From talking with many young women who are teaching, I gather that but few earn more than $3 [in modern currency, approximately $70] an hour, and very few indeed have their time all filled. And yet quite a fair living can be made by private teaching, and it has the advantage of bringing one into close and friendly relations with the pupil and often with the pupil’s family. Being one’s own master means hard work in building up the business, but it brings greater rewards in the end and is unquestionably far more interesting from day to day than bending to the wishes of the principal of any school.

It is more difficult to keep up a high standard of work with private teaching than in the classroom. There is not the same stimulus of rivalry and enthusiasm, nor is there a standard whereby one can measure the progress of a pupil. And it general happens that by the time a conscientious teacher begins to reap the rewards of her labor with a certain pupil and brings him to a point where his work begins to be really artistic, that pupil is whisked off to study with some famous European violinist, as though being famous as a player guaranteed his being a good teacher for that particular pupil.

Positions as violin teacher in boarding schools are not lucrative, the salary averaging from $400 to $600 [in modern currency, approximately $9,900 to $13,600] a year and board, and there are often the most ridiculous demands made of the teacher. She must not only teach the violin but she must be able to do forty other things as well, such as assisting in the piano department, teaching the banjo, guitar, theory of music, or assisting with the English work, or even riding horseback, as one school demanded. The violin teacher must also be ready at all times to chaperon or entertain the pupils. As if any one who could do all these things could amount to anything as a violinist!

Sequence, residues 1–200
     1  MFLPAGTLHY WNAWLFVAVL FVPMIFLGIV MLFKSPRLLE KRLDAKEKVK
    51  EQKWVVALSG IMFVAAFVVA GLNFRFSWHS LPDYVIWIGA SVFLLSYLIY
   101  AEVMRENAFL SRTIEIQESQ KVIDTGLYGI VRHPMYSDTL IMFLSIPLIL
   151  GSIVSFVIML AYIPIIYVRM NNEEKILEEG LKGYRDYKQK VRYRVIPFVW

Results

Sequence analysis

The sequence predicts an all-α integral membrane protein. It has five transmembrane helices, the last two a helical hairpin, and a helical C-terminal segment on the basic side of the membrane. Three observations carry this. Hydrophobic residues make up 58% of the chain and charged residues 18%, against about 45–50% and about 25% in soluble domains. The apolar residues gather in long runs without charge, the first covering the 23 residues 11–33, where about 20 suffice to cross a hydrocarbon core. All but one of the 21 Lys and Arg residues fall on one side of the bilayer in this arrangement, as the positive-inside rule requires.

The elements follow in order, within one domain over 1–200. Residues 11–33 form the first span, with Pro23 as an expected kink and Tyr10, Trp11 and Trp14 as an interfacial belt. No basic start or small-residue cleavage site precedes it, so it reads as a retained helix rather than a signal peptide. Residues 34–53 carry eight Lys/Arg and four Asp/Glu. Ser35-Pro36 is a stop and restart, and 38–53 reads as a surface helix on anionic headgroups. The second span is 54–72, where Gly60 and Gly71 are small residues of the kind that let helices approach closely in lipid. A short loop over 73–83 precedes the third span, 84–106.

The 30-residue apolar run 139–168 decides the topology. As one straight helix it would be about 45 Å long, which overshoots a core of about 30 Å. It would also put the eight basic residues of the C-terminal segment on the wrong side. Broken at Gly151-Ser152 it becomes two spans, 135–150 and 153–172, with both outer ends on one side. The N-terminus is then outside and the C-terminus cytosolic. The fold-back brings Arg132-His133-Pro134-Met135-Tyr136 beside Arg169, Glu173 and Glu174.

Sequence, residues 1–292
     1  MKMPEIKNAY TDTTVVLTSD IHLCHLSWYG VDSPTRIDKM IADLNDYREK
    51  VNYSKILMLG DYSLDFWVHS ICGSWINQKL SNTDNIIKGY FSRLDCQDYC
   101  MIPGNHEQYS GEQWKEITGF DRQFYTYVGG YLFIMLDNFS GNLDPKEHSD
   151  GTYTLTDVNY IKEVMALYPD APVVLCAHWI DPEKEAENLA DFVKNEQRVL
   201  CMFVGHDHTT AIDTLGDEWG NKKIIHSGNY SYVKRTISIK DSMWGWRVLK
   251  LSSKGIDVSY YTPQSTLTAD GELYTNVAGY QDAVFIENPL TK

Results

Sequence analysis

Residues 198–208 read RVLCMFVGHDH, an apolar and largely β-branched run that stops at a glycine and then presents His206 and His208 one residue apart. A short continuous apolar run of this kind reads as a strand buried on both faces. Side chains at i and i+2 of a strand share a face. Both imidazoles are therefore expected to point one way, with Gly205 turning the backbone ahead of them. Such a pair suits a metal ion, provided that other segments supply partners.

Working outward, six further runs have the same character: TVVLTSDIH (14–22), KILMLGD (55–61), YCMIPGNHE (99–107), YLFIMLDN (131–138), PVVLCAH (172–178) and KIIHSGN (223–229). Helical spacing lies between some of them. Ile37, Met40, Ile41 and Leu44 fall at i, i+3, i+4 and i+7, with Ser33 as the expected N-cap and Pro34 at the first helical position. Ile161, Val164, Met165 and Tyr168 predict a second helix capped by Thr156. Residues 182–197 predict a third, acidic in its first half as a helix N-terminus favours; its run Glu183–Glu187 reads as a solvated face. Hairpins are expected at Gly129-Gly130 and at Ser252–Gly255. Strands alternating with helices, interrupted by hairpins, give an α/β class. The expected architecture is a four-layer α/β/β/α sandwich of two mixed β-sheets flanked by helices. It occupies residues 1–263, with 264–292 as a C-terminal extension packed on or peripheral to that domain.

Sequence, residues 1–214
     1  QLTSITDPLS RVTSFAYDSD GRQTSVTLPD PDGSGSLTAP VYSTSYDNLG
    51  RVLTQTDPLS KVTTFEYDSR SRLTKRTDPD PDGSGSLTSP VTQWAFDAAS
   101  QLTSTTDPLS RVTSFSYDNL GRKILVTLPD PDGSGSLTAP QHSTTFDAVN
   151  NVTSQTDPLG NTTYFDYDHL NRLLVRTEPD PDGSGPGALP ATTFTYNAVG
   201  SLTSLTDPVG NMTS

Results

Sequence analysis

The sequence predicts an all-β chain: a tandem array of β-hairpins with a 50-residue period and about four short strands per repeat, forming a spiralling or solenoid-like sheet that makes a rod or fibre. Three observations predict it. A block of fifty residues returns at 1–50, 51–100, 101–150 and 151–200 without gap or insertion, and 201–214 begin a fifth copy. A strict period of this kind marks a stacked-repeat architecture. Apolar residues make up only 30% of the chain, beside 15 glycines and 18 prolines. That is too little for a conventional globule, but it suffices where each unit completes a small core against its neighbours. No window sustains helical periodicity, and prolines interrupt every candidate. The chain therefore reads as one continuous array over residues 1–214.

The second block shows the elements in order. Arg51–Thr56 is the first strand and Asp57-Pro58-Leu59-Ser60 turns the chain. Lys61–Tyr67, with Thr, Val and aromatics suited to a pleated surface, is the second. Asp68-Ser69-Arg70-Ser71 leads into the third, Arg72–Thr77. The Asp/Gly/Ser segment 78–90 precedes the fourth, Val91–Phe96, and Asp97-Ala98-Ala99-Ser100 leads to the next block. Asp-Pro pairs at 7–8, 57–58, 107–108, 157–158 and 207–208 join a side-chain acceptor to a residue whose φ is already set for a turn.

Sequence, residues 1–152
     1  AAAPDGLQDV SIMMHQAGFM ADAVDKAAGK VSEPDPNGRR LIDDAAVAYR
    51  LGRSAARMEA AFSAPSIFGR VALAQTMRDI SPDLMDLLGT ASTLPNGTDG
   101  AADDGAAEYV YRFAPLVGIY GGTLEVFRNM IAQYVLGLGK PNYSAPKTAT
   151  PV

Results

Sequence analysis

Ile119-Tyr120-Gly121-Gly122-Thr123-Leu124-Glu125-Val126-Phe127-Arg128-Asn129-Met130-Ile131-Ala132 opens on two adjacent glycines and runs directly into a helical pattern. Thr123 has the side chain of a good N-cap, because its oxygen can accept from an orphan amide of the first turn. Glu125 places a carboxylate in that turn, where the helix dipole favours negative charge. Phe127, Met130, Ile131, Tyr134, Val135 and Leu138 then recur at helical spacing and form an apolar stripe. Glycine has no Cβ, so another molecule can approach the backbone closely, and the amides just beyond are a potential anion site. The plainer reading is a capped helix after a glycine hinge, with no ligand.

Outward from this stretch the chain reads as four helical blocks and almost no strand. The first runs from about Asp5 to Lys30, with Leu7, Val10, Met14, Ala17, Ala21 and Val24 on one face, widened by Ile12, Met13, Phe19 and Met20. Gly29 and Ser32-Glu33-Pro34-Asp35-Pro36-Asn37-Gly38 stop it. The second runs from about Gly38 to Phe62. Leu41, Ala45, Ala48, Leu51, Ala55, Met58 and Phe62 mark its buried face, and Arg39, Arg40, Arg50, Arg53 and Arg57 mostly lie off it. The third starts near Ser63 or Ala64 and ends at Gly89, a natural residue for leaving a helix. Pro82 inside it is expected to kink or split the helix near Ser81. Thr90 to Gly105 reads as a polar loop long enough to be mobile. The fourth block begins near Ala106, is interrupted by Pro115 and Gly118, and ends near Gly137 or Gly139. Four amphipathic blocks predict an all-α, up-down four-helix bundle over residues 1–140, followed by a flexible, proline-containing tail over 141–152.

In the state universities the salaries are a little larger, but few universities will employ a woman as violin teacher, as the young men students naturally prefer to study with a man. The violin teacher is usually expected to conduct the college orchestra also, and but few women have had an opportunity to learn conducting, or make good conductors even when they know how. However, if such a position can be secured, the woman who is fond of study and the university atmosphere will find herself in as nearly an ideal position as can be imagined.

The earnings of a music teacher are often largely increased by solo playing, which brings us to the next topic of discussion.

The opportunities for solo playing are various. There are the solos in private houses which are to be had even by young players – if they dress well and are pretty. A girl must play very well indeed to obtain engagements if she is plain and awkward.

Sometimes there are solo engagements to be had in connection with men’s choral society concerts, as a woman instrumentalist is supposed to add a pleasing variety to the program. There are also the large clubs, like the Union League Club of Chicago, and the woman’s clubs of all large cities, which give entertainments several times a year. The Masonic entertainments often pay well, while church entertainments rarely pay at all, but many a girl has received $5 for a solo at the Sunday services.